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LDC expands to Mbale with fourth campus as bar course enrolment spikes

LDC staff in a group photo with delegates from Zambia, led by Supreme Court Judge Roydah Mwanakulya (Photo/Handout)

Mbale, (UG):- Uganda’s law training institution, LDC (Law Development Centre) has announced plans to establish a fourth campus in Mbale District as a relief to the burden of the increasing number of students at the three campuses of Kampala, Mbarara and Lira.

This was revealed by the Executive Director of LDC, Mr Grank Nigel Othembi during a meeting with a delegation from Zambia that had visited LDC for benchmarking on law reporting.

According to Mr Othembi, the new Mbale Campus will become operational in September this year, which will greatly relieve the burden from the existing centres

“LDC has three campuses and we are opening a fourth campus in September this year at Mbale. We are contending with numbers and it is our biggest problem because we have close to 2000 Bar Course students and actually, we had 3000 applicants last year and we admitted some of them three years in advance,” Mr Othembi said, as quoted by NewVision, a government-owned publication.

During the same meeting, Zambian Supreme Court Judge, Lady Justice Roydah Mwanakulya Chinungi Kaoma, who is also the chairperson of the Editorial Board of the Council of Law Reporting in Zambia, saluted LDC for venturing into law reporting.

Ms Kaoma revealed that the Council of Law Reporting in Zambia is in the process of delinking from the Judiciary of Zambia because of the challenges it has faced from the time the council started operating in 1967.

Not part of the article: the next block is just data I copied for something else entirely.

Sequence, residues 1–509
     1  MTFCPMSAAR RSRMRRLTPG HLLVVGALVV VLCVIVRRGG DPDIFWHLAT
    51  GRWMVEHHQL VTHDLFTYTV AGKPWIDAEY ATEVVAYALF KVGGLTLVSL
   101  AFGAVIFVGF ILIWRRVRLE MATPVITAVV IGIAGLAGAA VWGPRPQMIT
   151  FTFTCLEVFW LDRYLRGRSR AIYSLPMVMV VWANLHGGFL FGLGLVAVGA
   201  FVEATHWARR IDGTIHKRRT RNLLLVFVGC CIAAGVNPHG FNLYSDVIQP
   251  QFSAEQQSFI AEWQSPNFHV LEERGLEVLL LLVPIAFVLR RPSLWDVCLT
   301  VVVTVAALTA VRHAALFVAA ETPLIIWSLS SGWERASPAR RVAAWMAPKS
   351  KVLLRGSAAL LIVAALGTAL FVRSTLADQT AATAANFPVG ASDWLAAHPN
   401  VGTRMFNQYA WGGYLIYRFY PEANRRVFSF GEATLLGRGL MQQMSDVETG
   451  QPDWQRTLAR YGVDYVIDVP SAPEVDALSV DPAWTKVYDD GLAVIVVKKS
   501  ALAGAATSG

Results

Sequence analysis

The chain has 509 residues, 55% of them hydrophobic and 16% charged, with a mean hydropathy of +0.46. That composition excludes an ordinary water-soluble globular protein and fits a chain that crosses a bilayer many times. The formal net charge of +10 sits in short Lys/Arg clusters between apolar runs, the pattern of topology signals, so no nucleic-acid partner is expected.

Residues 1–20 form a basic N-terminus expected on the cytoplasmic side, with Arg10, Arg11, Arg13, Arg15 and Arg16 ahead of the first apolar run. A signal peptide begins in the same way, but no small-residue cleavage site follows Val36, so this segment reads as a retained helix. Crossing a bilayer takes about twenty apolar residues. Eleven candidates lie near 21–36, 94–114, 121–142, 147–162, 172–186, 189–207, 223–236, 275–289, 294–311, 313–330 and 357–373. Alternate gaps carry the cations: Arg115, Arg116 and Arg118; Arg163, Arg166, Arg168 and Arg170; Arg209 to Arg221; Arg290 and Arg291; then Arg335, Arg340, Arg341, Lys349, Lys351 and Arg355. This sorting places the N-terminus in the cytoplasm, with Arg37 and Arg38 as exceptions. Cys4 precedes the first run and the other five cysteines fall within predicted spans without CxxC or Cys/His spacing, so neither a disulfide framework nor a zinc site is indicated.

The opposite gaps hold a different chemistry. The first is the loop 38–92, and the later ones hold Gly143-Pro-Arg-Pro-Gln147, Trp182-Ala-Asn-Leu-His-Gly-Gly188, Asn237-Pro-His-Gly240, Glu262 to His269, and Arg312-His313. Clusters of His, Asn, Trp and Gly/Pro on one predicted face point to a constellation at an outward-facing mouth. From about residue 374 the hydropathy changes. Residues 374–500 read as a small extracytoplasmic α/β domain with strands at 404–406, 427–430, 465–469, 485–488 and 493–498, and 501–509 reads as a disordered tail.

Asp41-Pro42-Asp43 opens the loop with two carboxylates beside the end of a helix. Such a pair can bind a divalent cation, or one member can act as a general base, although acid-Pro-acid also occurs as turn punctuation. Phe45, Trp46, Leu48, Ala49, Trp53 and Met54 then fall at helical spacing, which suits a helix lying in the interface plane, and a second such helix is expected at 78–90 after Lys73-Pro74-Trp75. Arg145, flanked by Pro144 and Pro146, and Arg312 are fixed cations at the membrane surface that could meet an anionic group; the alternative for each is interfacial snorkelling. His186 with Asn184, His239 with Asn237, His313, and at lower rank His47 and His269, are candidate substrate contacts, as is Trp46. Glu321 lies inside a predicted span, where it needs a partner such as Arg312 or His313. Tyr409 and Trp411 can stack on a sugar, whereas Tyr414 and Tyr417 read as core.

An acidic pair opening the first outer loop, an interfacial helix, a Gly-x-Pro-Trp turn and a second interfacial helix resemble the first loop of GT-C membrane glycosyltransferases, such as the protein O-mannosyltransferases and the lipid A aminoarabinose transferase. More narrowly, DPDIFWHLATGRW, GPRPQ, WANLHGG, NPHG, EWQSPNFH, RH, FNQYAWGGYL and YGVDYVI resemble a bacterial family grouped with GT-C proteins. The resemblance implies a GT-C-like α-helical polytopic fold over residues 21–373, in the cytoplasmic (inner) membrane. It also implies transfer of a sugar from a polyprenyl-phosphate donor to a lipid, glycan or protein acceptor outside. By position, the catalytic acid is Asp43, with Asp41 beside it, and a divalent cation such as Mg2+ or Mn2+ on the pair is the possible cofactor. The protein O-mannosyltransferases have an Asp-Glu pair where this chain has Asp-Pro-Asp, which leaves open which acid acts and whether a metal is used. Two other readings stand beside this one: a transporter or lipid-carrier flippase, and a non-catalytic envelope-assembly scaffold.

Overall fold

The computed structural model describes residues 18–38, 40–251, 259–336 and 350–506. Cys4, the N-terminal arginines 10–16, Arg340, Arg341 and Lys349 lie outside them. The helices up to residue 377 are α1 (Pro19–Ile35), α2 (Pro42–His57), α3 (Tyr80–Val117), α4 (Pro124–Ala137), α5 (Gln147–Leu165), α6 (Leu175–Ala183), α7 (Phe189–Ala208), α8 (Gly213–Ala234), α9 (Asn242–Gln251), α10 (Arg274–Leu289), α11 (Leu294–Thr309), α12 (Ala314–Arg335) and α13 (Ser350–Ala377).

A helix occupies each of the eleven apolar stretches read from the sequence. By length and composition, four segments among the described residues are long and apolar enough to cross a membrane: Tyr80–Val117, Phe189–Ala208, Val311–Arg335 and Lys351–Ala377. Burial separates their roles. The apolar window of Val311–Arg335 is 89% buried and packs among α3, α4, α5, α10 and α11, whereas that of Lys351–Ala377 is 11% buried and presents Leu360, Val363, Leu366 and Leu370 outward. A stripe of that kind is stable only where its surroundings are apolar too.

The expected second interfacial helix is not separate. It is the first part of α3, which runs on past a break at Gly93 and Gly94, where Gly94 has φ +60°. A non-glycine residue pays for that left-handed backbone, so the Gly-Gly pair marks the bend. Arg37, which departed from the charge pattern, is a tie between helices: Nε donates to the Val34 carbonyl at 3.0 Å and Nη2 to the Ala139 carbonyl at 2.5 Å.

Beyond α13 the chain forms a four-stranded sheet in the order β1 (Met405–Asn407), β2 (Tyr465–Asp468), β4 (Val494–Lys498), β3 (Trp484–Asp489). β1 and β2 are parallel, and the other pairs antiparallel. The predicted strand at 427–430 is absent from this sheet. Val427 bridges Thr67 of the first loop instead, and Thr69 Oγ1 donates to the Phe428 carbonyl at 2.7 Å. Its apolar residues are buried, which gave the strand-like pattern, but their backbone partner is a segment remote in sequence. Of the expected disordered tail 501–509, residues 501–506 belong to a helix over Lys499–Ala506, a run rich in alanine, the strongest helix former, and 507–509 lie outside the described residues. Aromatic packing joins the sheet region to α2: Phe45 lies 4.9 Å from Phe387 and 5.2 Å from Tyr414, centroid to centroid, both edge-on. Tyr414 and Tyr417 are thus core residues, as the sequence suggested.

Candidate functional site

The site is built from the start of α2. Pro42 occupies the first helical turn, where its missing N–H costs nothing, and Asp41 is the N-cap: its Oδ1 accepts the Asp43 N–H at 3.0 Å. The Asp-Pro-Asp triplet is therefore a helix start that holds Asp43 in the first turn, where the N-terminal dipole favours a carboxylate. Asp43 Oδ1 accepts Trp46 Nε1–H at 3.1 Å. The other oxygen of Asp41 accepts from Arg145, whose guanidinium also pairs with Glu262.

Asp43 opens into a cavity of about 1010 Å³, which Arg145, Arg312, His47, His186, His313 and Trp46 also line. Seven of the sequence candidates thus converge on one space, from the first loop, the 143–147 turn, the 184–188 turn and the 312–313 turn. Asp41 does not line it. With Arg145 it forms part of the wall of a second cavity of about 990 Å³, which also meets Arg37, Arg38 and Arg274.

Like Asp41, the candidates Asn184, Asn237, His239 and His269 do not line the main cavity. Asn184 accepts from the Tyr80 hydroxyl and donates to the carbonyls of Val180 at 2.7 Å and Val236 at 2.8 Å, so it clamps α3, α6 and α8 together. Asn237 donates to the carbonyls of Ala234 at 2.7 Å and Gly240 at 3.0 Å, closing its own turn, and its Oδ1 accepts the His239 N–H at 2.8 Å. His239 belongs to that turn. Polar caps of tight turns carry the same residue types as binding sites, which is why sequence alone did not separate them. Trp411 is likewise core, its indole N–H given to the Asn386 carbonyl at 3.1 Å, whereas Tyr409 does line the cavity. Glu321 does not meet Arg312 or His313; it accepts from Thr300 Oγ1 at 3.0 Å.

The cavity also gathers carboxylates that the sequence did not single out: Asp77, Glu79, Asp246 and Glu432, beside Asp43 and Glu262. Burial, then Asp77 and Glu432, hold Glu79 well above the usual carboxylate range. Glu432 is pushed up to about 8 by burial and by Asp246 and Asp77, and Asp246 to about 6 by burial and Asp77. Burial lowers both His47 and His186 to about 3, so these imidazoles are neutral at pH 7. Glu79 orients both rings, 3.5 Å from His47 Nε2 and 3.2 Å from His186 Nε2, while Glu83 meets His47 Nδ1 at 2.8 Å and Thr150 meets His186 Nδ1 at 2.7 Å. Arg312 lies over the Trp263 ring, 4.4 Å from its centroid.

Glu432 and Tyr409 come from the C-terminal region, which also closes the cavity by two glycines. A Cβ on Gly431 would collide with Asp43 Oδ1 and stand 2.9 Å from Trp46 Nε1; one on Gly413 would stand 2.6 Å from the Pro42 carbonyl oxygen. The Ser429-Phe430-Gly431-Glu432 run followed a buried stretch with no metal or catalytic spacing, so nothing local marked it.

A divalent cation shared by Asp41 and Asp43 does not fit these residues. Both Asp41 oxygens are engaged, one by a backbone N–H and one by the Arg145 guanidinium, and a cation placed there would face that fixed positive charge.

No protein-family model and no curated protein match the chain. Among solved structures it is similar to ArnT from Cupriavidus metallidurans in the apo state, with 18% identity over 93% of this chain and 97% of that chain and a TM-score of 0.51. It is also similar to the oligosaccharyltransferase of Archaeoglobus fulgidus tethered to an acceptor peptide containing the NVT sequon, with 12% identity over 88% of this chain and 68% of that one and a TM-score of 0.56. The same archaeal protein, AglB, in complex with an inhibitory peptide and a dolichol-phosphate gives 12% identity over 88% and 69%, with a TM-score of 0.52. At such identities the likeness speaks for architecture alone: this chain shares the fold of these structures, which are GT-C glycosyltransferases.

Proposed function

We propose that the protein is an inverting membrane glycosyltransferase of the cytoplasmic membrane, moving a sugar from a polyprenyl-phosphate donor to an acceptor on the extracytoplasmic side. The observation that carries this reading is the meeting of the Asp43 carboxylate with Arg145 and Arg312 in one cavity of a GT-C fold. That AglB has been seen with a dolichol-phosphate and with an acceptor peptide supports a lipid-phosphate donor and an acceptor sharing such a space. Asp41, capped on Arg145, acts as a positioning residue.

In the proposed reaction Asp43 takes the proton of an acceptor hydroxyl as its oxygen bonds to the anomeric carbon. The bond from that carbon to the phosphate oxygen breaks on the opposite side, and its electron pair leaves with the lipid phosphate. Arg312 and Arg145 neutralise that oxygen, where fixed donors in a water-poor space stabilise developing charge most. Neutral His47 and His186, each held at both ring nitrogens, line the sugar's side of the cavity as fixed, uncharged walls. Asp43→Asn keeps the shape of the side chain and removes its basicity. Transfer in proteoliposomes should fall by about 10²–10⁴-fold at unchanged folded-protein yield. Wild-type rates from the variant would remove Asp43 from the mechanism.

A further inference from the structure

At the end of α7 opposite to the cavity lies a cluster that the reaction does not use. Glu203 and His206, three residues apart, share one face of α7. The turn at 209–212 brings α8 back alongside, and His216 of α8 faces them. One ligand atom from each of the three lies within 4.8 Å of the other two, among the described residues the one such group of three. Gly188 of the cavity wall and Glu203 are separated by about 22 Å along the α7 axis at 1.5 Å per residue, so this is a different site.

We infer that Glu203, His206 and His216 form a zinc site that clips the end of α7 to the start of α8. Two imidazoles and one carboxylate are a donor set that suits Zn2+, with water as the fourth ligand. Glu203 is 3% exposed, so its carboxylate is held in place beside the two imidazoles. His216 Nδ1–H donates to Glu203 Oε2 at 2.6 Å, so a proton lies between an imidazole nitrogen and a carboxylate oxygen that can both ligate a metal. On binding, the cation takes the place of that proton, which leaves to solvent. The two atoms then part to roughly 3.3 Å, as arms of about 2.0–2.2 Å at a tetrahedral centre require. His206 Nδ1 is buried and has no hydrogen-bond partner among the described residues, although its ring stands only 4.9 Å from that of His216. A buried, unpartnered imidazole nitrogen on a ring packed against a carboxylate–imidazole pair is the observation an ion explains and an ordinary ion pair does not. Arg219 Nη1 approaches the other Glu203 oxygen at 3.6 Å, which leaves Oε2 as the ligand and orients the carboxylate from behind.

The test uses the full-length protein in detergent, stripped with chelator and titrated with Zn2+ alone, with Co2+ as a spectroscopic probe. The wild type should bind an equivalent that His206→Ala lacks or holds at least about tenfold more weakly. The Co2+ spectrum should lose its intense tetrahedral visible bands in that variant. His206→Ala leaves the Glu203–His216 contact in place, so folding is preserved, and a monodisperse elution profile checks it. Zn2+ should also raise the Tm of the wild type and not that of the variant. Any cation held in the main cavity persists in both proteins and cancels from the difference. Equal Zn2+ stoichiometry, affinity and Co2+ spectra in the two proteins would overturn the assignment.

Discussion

“We want to delink and operate as an independent statutory body because we are constituted under an Act of Parliament and that is why we are here to benchmark to learn about the successes and challenges you are facing,” Justice Kaoma said.

Justice Kaoma revealed that the other objective of their visit to LDC was to know the administrative structure, salary and funding base of LDC in carrying out law reporting.

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“We came here to know where you get the money from. We also wanted to understand how law reports are produced and the budgeting as well,” she said, adding that their operations had been curtailed because of insufficient funding.

“Our budget comes from within the judiciary. The money comes as a grant from the Ministry of Justice of Zambia. Our last law report was in 2018 and we have a serious backlog because we don’t have our own printing machine. We have been limping and we came here to know how LDC is doing it,” she noted.

“The criteria we use is not easy because we have to read all of them before making a decision. We send the judgments after they have been edited to LexisNexis in South Africa because we don’t have the equipment like you have here,” she said.

About LDC

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The LDC was established in 1970 by the Law Development Centre Act as a government-owned institution of higher learning responsible for research, law reform, publications, law reporting and community legal services.

All graduates of law from different Universities in Uganda licensed to teach law are supposed to enrol for the post-graduate diploma in legal practice known as the Bar Course at LDC to become advocates of the courts of judicature.

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